Archaeology has been complicit in the appropriation of indigenous peoples' pasts worldwide. While tales of blatant archaeological colonialism abound from the era of empire, the process also took more subtle and insidious forms. Ian McNiven and Lynette Russell outline archaeology's "colonial culture" and how it has shaped archaeological practice over the past century. Using examples from their native Australia-and comparative material from North America, Africa, and elsewhere-the authors show how colonized peoples were objectified by research, had their needs subordinated to those of science, were disassociated from their accomplishments by theories of diffusion, watched their histories reshaped by western concepts of social evolution, and had their cultures appropriated toward nationalist ends. The authors conclude by offering a decolonized archaeological practice through collaborative partnership with native peoples in understanding their past.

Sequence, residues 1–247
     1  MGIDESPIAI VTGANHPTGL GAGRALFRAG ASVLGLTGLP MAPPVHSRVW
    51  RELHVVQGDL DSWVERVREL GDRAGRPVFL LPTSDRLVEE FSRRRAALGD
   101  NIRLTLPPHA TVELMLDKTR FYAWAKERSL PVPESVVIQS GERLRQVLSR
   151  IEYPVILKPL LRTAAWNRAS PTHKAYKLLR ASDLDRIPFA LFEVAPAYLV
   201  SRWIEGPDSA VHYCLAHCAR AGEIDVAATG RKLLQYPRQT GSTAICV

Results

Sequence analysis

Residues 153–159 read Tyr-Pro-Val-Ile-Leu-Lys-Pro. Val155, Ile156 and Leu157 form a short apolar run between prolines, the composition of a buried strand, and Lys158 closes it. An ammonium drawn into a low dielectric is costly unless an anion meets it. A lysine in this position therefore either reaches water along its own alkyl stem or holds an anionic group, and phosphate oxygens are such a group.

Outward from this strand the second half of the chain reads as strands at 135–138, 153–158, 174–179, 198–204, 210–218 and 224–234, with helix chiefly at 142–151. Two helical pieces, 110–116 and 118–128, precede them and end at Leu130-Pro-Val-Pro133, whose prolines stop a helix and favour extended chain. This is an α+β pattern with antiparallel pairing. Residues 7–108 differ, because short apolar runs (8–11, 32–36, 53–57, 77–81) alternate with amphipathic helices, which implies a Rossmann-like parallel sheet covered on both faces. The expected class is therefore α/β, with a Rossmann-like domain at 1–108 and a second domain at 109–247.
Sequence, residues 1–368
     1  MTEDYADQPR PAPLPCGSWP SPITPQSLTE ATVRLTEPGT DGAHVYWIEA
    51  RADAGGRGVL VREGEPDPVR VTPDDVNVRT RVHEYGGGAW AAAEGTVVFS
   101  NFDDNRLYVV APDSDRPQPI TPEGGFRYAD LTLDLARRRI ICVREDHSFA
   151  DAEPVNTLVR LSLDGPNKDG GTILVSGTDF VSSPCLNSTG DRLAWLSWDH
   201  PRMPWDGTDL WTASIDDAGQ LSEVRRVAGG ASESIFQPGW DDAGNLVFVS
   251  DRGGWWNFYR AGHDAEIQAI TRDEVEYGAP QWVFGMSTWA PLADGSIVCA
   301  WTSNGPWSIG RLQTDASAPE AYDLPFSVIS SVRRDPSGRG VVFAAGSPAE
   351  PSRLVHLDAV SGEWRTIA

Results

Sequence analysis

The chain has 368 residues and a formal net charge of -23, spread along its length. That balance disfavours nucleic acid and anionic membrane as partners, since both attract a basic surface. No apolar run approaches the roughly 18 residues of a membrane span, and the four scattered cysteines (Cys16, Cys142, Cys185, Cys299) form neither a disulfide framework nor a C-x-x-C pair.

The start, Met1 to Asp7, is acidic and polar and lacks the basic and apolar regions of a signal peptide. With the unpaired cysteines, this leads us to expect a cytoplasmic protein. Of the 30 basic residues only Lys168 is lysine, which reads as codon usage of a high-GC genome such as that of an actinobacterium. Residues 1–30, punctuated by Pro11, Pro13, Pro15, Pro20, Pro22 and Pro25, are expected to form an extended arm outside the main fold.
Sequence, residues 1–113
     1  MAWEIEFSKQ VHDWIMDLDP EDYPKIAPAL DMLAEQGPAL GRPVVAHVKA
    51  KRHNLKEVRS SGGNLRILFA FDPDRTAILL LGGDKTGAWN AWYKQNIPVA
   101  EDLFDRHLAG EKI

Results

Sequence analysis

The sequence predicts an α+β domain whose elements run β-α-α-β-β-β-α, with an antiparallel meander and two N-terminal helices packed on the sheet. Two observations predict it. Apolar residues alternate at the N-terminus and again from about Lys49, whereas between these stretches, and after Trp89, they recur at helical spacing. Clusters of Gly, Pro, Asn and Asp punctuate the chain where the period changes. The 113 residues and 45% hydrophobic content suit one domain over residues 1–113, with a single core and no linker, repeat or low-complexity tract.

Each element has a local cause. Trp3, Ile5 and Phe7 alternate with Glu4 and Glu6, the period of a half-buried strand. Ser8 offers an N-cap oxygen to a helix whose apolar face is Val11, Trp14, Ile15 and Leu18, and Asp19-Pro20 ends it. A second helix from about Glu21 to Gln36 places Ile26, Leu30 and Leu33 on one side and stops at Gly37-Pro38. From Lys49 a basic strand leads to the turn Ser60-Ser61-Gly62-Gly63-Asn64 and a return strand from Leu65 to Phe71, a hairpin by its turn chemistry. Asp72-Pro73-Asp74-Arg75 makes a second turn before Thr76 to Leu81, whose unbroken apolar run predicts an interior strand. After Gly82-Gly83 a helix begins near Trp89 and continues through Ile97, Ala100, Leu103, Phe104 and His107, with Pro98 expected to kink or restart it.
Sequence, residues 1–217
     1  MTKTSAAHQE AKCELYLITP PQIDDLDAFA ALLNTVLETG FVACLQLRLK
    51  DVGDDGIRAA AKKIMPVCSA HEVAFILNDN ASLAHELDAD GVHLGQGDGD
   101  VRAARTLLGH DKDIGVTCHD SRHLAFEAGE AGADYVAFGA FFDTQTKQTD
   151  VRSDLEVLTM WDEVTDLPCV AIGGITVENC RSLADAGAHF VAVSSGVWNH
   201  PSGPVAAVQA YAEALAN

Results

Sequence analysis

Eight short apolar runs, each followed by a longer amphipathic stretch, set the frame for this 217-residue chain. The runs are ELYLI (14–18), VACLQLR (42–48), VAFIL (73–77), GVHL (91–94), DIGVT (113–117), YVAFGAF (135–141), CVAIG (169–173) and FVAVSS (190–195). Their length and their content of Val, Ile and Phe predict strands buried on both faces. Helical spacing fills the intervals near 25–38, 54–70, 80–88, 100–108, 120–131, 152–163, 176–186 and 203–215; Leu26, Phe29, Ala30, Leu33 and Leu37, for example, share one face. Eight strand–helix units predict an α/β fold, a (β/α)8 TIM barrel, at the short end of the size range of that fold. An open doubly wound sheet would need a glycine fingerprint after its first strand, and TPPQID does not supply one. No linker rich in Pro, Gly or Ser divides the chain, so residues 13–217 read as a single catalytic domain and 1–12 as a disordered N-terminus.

Ian J. McNiven is Senior Lecturer and co-director of the Programme for Australian Indigenous Archaeology within the School of Geography and Environmental Science, Monash University. Lynette Russell holds the Chair in Australian Indigenous Studies at Monash University.
Chapter 1 Colonial Culture of Archaeology Chapter 2 Progressivism: The Invention of Prehistory Chapter 3 Antiquation: Aboriginal Peoples as Living Fossils Chapter 4 Migrationism: The Archaeology of Dispossession Chapter 5 Diffusionism: The Archaeology of Alienation Chapter 6 Subjectation: Appropration Through Science Chapter 7 Shared Nations: The New Appropriation Chapter 8 Partnerships: Pathways to a Decolonised Practice Chapter 9 References Chapter 10 Index